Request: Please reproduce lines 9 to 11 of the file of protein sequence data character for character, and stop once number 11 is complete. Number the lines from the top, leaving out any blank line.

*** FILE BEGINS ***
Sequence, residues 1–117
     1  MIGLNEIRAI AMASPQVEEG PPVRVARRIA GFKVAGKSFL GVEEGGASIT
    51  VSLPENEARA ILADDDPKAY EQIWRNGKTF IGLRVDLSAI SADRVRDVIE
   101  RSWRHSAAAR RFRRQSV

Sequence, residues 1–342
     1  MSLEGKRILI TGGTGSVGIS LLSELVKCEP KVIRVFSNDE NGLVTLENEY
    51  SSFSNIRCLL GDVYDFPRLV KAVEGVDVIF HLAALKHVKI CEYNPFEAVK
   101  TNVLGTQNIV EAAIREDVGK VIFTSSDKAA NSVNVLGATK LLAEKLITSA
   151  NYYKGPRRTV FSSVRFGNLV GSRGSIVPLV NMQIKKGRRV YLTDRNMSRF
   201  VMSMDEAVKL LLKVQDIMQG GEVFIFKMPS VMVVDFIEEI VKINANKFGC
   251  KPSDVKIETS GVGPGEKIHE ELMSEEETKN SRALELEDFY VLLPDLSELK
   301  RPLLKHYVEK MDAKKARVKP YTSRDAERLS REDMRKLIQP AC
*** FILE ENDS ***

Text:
   151  NYYKGPRRTV FSSVRFGNLV GSRGSIVPLV NMQIKKGRRV YLTDRNMSRF
   201  VMSMDEAVKL LLKVQDIMQG GEVFIFKMPS VMVVDFIEEI VKINANKFGC
   251  KPSDVKIETS GVGPGEKIHE ELMSEEETKN SRALELEDFY VLLPDLSELK